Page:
Updated: Sep 22, 2020
Diet Plans and lifestyle modifications
Constipation is a common issue affecting over half of those living with IBS. Lifestyle modifications or changes in diet can improve constipation.
The following dietary tips are used in my practice and have found helpful to support those suffering from constipation:
If you are often constipated, ensure to keep hydrated, especially during hot weather or heavy exercise. Drink ample fluids at mealtimes and during activities like work or school.
Be mindful that water isn’t a laxative. Water, alone, will not move the bowls! Unless you’ve been directed by a medical professional to do so, drinking an excessive or uncomfortable amount of water won’t help your elimination regimen.
Drinking a cup of hot beverage to start your day can help stimulate bowl contractions that are the most intense in the morning.
Caffeinated liquids can worsen your symptoms through dehydration (they are diuretic and make you pee a lot). Nevertheless, in certain cases, I encourage individuals to have a caffeinated beverage in the morning as this may stimulate bowel contraction.
Eating consistently stimulates gut movements that can relieve constipation. In this case, the adage “eat three square meals a day” is advisable as opposed to skipping meals or going for long periods without eating.
Cut down fermentable carbohydrates
Implementing a low-FODMAP diet can help those with IBS-C to reduce gas production, bloating, pain/discomfort and even improve bowel movement consistency. Fermentable oligosaccharides, also known as FODMAPs are short-chain fibres found in wheat, garlic, onion, and legumes. Their small size and solubility cause them to ferment rapidly in the small intestine and produce large amounts of gas.
Studies indicate that a low FODMAP diet can improve symptoms in IBS patients. But, because the diet eliminates several foods rich in fibre and prebiotics, you may need additional support strategies to avoid constipation while following a Low FODMAP Diet.
The Gut Loving Dietitian can help you design a personalized constipation management plan that may include a range of lifestyle modifications and possibly the use of supplements to get your bowels back on track.
Increasing your fibre intake has a variety of health benefits such as feeding healthy gut bacteria, bulking stool, and accelerating travel time.
Ensure that your diet includes foods high in soluble and insoluble fibre. Insoluble fibre makes your stool bulky and soluble fibre creates a gel in your gut that helps food pass through the GI tract.
The low FODMAP diet eliminates several foods rich in fibre, and so it’s imperative to make sure you get an adequate amount of fibre, especially if you struggle with constipation. This can be achieved by incorporating wholesome foods, and supplements when needed. For example, you can eat low FODMAP high fibre foods such as canned chickpeas (1/4 cup serving at a time), lentils (1/2 cup), chia seeds (2 tbsp) with your meal. Be cautious when re-introducing high fibre foods to your low FODMAP diet. Slow and gradual should be your objective as this gives your body time to adjust. Even if the food you’re eating is “FODMAP friendly”, calculated, incremental increase in portion size is advised.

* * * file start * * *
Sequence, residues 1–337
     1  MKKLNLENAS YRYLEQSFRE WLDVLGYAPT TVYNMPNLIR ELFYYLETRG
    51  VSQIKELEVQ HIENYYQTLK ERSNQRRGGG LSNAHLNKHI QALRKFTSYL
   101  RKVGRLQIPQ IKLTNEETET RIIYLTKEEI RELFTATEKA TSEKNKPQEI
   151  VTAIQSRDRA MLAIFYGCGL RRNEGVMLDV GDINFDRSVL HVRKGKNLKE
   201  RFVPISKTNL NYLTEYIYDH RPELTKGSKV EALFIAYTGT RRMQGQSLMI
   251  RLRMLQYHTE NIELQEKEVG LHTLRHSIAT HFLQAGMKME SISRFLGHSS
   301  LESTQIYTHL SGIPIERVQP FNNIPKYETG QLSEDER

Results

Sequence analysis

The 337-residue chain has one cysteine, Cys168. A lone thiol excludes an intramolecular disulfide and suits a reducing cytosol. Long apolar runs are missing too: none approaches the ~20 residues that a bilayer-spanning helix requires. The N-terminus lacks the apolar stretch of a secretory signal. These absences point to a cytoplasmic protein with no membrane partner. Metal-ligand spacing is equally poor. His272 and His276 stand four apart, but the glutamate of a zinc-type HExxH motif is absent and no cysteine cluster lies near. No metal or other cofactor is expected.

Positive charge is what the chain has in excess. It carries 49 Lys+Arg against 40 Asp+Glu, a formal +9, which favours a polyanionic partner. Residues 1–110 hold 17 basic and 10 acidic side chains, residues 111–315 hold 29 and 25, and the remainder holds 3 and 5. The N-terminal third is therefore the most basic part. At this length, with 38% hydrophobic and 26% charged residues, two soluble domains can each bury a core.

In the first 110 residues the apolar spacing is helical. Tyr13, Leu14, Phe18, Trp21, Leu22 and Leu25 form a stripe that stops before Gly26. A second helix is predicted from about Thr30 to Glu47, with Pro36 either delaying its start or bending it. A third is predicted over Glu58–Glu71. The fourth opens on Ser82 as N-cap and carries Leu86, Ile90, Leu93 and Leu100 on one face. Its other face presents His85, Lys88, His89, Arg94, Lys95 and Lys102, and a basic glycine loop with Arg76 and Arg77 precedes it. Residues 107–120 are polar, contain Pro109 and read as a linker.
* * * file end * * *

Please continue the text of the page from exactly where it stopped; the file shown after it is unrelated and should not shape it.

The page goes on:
Fibre supplementation just might be for you! The following are excellent examples of supplements: sterculia and/or psyllium husk, oats, linseeds, oat or rice bran, aloe vera juice, and methylcellulose.
Psyllium husk has the best evidence to support its use as a fibre supplement if you live with IBS-C. Bring this up with your specialist dietitian if this may be suitable for you.
Partially hydrolyzed guar gum (PHGG), a water-soluble fiber with prebiotic activity, also has clear evidence supporting its use in relieving constipation, as it improves stool consistency, transit time, and stimulates growth of helpful gut microbes.
Probiotics are live organisms that provide a wide a range of health benefits. Probiotics can affect bowel motility and reduce constipation. Because probiotic science is complex and largely uncharted territory, more robust studies to determine effective probiotic strains, dosing, and therapy intervals is required.
Prebiotics feed the beneficial gut bacteria and are found in both wholefood and supplement form. Low FODMAP sources of prebiotics are scarce, as prebiotics are typically a FODMAP. However, regulated portions of unripe bananas, broccoli, and canned lentils are all good low FODMAP sources of prebiotics.